Oxford Covid-19 vaccine can be 90% effective, results show
Drug maker AstraZeneca agrees to sell vaccine at cost to developing nations in perpetuity
The coronavirus vaccine developed by Oxford university and AstraZeneca has shown greater than expected efficacy, a landmark finding that will boost hopes there is a way out of the pandemic for countries without access to jabs made by rival drug makers.
It is more positive news for Ireland, as the State is in line for four million doses of the Oxford vaccine as part of an advance purchase deal with the EU, if it secures regulatory approval. The States is also in line for three million doses of the Pfizer-BioNTech vaccine and up to 1.6 million of the Moderna one.
On Monday, Oxford and AstraZeneca said two different dosing regimens showed different levels of efficacy in late-stage trials in Britain and Brazil.
When the vaccine was given as a half dose, followed by a full one at least one month later, efficacy was 90 per cent. When the jab was given as two full doses at least one month apart, efficacy was 62 per cent. The average efficacy was 70 per cent.
All results were statistically significant and greater than the efficacy sought by the US Food and Drug Administration and the European Medicines Agency.
AstraZeneca said it would submit the data for regulatory approval “immediately”.
Dublin-born vaccinologist Prof Adrian Hill, who is head of the Jenner Institute in Oxford where the latest Covid-19 vaccine was developed, has said that “maybe by next May or June we could be back to normal.”
Asked if he could see the light at the end of the tunnel, Prof Hill replied it would start to roll out in the new year. In the meantime people needed to continue to observe precautions, he said.
Operating the roll-out of the vaccine would be very challenging, he added. “What we are doing is unprecedented. Once we get regulatory approval we will be ready to go.”
Ten countries would be involved in manufacturing the vaccine while one facility in India had already manufactured 100 million doses.
Prof Hill said he anticipated regulatory approval would come “in the next couple of weeks”.
Astra’s chief executive Pascal Soriot said: “This vaccine’s efficacy and safety confirm that it will be highly effective against Covid-19 and will have an immediate impact on this public health emergency.”
The vaccine is priced at about $3 (€2.50) to $4 a dose, supply deals suggest, a fraction of that of other vaccines. AstraZeneca has agreed to sell it at cost to developing nations in perpetuity.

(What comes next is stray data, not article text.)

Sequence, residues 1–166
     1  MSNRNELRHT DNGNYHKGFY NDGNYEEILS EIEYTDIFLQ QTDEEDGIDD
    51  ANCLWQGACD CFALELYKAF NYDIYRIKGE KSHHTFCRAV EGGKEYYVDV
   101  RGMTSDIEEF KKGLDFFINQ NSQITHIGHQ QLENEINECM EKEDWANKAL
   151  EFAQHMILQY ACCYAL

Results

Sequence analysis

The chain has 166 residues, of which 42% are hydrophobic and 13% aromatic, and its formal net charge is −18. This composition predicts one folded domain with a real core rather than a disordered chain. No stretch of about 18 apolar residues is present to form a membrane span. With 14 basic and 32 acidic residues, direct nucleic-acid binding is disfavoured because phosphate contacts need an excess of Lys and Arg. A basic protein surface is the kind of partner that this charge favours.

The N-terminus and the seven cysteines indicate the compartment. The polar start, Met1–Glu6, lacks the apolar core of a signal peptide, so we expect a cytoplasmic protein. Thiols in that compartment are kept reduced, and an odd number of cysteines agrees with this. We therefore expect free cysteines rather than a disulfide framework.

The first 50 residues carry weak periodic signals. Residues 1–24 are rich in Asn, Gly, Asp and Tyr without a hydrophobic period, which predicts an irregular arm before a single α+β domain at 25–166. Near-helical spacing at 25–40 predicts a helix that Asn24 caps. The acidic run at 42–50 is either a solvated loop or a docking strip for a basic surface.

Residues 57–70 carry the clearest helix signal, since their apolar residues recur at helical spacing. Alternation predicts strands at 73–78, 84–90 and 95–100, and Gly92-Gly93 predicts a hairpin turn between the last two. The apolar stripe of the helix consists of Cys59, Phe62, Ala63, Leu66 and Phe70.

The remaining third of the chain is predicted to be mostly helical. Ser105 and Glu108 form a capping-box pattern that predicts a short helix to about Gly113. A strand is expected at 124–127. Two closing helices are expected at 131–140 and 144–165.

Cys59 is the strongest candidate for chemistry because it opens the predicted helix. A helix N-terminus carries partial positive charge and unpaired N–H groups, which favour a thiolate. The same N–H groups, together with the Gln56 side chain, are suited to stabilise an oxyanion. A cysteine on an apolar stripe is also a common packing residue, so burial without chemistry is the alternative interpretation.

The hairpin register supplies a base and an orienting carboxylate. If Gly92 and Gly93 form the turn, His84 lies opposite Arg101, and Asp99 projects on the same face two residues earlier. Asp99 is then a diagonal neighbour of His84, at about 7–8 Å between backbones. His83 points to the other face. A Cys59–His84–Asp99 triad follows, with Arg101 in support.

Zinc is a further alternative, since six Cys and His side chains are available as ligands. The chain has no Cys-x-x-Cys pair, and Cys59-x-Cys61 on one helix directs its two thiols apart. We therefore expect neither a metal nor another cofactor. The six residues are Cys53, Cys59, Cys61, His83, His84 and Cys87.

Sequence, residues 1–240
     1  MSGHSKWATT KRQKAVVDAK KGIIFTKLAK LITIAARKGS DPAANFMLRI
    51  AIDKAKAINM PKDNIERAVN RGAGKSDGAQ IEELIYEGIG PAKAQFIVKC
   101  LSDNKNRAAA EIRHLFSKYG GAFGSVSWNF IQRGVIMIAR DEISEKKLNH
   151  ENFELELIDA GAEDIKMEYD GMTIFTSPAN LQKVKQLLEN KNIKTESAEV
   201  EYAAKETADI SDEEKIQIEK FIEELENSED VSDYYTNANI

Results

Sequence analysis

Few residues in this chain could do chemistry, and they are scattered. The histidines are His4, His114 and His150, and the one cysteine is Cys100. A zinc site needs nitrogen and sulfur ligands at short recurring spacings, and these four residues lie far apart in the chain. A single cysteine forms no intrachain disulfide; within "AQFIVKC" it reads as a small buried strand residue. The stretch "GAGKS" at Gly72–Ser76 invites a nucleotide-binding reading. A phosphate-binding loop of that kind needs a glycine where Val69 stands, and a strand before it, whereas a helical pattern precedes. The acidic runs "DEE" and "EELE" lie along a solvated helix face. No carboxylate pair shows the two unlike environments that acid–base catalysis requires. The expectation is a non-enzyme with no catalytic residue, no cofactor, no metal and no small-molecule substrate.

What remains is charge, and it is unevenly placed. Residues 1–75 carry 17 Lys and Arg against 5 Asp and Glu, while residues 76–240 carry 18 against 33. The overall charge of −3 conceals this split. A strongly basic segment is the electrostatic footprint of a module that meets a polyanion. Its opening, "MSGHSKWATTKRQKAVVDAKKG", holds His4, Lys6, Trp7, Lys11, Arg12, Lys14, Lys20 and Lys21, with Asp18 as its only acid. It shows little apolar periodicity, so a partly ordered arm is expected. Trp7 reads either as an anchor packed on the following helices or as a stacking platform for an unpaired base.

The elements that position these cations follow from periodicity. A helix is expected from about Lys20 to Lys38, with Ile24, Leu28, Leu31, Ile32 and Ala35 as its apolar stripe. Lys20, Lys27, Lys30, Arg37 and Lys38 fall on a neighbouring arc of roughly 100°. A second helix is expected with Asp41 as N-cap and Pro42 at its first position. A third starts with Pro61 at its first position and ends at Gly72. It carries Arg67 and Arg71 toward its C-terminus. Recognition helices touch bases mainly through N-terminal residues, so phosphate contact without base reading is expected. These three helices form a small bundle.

The vaccine can be stored long term at normal fridge temperature, between 2 and 8 degrees. Others require a storage temperature as low as -70. Astra is targeting the manufacture of up to three billion doses next year. Depending on regulatory approval, different dosing regimens could mean more doses are available.
Oxford’s Sarah Gilbert, of the university’s Jenner Vaccine Institute, said recently that the main priority for Oxford was to find a partner that would commit to making the vaccine affordably. The medicine’s intellectual property is licensed to AstraZeneca.
In recent weeks, better than expected results from Pfizer-BioNTech and Moderna – showing efficacy close to 95 per cent – spurred widespread optimism and market rallies, though their vaccines are sold at profit, and much of their projected supply for next year has been secured by richer nations.
By contrast, AstraZeneca, along with Johnson & Johnson, has said it will sell its inoculation at cost. J&J trials are ongoing.
AstraZeneca has received approximately 3.2 billion orders of its jab, including from the UK, European Union, United States and others, data by Airfinity shows.
Of those, 400 million have been ordered by the European Union. That is on top of 200 million doses of the BioNTech-Pfizer vaccine candidate, with the option of a further 100 million, and up to 160 million of Moderna’s alternative.
As Ireland is expected to get 1 per cent of EU supplies under pro-rata arrangements, that means the State is in line to receive up to 8.6 million doses of various vaccines. That would be enough to inoculate 4.3 million people, or possibly just shy of five million under the the half-dose option from Oxford-AstraZeneca.
What about older people?
A peer-reviewed study published last week already showed the Oxford-AstraZeneca vaccine elicited good immune responses in older adults, who are at disproportionate risk of contracting severe Covid.
Speaking on BBC radio, Prof Pollard said he heard the results on Saturday evening from the trial’s independent data monitoring committee. “It was me facing the committee,” he said. “Then I was able to talk to Sarah Gilbert and other members of the team. We were delighted because all our efforts had paid off.”
Prof Pollard added: “We saw just a hint [in the trial data] that the vaccine was able to reduce asymptomatic infection. If that is right, we might be able to stop the disease spreading and halt the pandemic in its tracks.”
The difference in efficacy between the two Oxford vaccine doses was unexpected. The scientists speculate that the lower first dose may have primed the immune system in a way that made it more receptive to the second jab but more research will be needed to confirm this. – Copyright The Financial Times Limited 2020/Reuters